Wanted: roommates who are clean, quiet and friendly. Must not
snore, complain, eat my food, make a move on my boyfriend, steal,
breathe loudly, be better looking than myself or make weird chewing
sounds when eating. References are a plus.

Kate Green
TREVOR CAMPBELL/Daily
Living with the opposite sex can be a learning experience.

The hunt for the perfect roommate, or at least, the adequate
roommate, is similar to online dating – some people can never tell
who their potential roomies are, whether they be the real thing or
just dirty old men trying to score. All analogies aside, some
students may have an easier time selecting a residence for the next
year than with choosing people to live with.

Trusting your gut instincts about people becomes harder when all
you have on your mind is getting that house on Church Street (the
one with the big front porch – perfect for Welcome Week parties and
just a few feet away from Rick’s!). This in mind, we’ve taken the
liberty to give honest answers for some of your most pressing
questions regarding roommate selection …

Help! I can’t find a house to fit all 23 of my best friends!

You may need to sit down for this one, because you simply can’t
force yourself to live with too many people. You really don’t want
to live with all of your “best” friends anyway. From our own
studies, it appears that guys can easily fit up to 10 people in a
house, while girls cannot exceed two or three, unless sanity isn’t
important.

This is the time to be selfish. Try to find people who mesh well
with your style of living. If you wish to study in the peace of
your own home, avoid living with anyone who thinks that beer
relieves a hangover or anyone who has ever fashioned a wooden
paddle.

LSA junior Jean Franzino said her group of roommates shrunk from
six to four due to personal differences.

“Next year, I’m living with four people and we’re all pretty
good friends,” Franzino said. “It’s not our whole group, because we
didn’t know who wanted to have party house or a quiet
atmosphere.”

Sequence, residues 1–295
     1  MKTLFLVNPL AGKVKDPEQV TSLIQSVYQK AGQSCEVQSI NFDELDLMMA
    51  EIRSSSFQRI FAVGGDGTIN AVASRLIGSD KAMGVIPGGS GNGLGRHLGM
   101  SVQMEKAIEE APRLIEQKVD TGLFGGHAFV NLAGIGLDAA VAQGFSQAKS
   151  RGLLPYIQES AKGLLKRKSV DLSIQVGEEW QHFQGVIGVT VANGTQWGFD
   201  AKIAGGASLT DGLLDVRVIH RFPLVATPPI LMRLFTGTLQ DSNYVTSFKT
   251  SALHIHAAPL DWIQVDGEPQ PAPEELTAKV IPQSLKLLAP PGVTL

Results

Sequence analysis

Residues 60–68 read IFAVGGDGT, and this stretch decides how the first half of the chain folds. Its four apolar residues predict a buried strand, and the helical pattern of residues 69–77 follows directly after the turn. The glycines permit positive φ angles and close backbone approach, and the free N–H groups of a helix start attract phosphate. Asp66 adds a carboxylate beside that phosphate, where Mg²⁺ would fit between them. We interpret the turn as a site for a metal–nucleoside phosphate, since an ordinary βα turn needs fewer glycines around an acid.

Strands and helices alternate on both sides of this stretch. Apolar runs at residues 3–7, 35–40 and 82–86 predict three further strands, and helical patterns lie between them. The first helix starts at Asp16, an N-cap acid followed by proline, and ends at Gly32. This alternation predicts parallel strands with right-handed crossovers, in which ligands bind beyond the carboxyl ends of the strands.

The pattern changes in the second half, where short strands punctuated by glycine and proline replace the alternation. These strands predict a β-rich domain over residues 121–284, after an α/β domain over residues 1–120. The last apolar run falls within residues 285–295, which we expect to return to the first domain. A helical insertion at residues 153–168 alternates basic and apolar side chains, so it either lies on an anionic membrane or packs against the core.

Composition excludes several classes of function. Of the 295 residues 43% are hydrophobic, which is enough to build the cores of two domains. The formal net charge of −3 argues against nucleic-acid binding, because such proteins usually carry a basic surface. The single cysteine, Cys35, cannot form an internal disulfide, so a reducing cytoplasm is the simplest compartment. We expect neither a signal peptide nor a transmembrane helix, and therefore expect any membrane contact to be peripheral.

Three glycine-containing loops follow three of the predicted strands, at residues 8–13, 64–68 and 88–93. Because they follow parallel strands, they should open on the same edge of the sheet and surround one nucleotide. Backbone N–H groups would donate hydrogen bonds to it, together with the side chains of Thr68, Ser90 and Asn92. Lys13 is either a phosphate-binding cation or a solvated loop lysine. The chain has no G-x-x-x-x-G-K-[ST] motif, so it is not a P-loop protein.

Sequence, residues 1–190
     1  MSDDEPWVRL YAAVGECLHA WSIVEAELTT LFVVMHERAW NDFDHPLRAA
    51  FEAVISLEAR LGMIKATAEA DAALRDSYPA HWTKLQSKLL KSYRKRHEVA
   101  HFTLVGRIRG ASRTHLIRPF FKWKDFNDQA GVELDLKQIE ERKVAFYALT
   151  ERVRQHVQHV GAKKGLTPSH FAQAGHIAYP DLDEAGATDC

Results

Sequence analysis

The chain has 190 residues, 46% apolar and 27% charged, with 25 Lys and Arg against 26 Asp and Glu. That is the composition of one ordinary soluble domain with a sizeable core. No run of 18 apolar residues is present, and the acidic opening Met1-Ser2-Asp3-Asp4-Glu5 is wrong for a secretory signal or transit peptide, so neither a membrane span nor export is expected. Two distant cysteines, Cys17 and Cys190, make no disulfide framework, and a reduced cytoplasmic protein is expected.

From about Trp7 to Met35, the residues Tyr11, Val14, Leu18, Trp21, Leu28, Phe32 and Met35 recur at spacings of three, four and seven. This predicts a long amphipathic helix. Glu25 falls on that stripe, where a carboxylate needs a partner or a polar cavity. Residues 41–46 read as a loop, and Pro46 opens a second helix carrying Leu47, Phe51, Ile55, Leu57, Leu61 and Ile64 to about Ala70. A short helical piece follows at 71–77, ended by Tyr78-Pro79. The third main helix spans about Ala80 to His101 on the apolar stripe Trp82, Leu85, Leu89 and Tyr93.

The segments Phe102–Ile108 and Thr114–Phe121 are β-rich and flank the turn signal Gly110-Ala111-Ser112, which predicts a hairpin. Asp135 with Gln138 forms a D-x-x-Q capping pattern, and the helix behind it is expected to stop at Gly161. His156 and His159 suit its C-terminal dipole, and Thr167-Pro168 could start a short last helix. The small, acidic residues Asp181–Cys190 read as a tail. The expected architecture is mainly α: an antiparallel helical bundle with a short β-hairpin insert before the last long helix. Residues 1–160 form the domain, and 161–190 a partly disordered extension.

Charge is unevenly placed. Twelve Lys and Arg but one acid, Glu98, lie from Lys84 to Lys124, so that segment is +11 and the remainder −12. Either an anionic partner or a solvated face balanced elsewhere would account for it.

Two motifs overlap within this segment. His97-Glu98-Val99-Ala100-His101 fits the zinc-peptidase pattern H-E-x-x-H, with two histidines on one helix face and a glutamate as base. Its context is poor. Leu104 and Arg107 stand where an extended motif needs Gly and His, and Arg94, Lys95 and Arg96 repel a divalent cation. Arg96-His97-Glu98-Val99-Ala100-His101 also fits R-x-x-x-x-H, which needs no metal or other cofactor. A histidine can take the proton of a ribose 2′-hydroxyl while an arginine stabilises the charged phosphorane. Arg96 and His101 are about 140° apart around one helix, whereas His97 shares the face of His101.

You may also find that those you consider your close friends
magically morph into demonic clean freaks when put under the same
roof as yourself. This isn’t to say that a dirty house is best,
but, when the happiness of the house is dominated by cleanliness,
your roommates are lame, and so are you.

“I’ve heard of people getting into fights over how clean the
house is,” Franzino said. “One girl is really clean and the rest of
us, who are a little bit messier, will need to help out and divide
the chores.”

Just because you don’t live with all of your good friends
doesn’t mean that you will drift apart or stop hanging out. True,
you will feel left out of the fun they’ll have in their own homes
or apartments, but, you’ll be happy to have your own place and to
have these outside friends as outlets to vent to when your
roommates piss you off.

My friend claims to know a girl who is “cool” and “just like
me,” and she wants this girl to live with us. Should I trust my
friend?

One thing you will notice is that many people often bring an
ally to the pool of housing candidates. This ally may or may not be
a desirable roommate, and you should not feel obligated to accept
them into your future home simply because your friend insists on
it.

Take caution when someone is described as being “just like you.”
Although having similar interests and living styles can work can
provide for an enjoyable living experience, it can also backfire.
How similar are you and this girl? Do you really want someone “just
like you” to always be around and make you constantly analyze your
habits and mannerisms?

Consider the film, “Single White Female.” When Jennifer Jason
Leigh moves inwith Bridget Fonda, Leigh’s character goes to
extremes to mimic Fonda’s life, from copying her haircut, sleeping
with her boyfriend and even killing her puppy. It makes
individuality worthy of patenting.

Is it a good idea to live with members of the opposite sex?

This is can be a win-win situation. In many cases, men and women
who live together often teach each other about the lifestyles of
the other gender and end up sharing a unique experience.

Jamie Binder, an LSA junior, lives with two of her female
friends and four men she did not know coming into the school year.
So far, she says there have been no problems and she has made plans
to live with another guy in an apartment for next year.

“Girls can be catty, guys are not into that,” she said. “They
are more relaxed, but also cleaner than the girls … It’s a good
diversity. They answer our questions about guys, and we help each
other. Before we go out, we always ask: ‘Do I look okay?’ It’s the
best of both worlds.”

In addition to learning about the opposite sex, sexual tension
can peak in this situation, especially if the other roommates are
attractive. While it doesn’t hurt to have eye-candy walking around
the house in a towel, hooking up with a roommate can be dangerous.
If you submit to your hedonistic desires, you risk a looming
awkwardness that could hang around for the remainder of the school
year. Jealousy could also ensue if the hot roommate has an annoying
significant other that sleeps over all the time. That said, stick
to the hot roommate’s friends.

 

 

 

 

 

 

 

 

 

 

 

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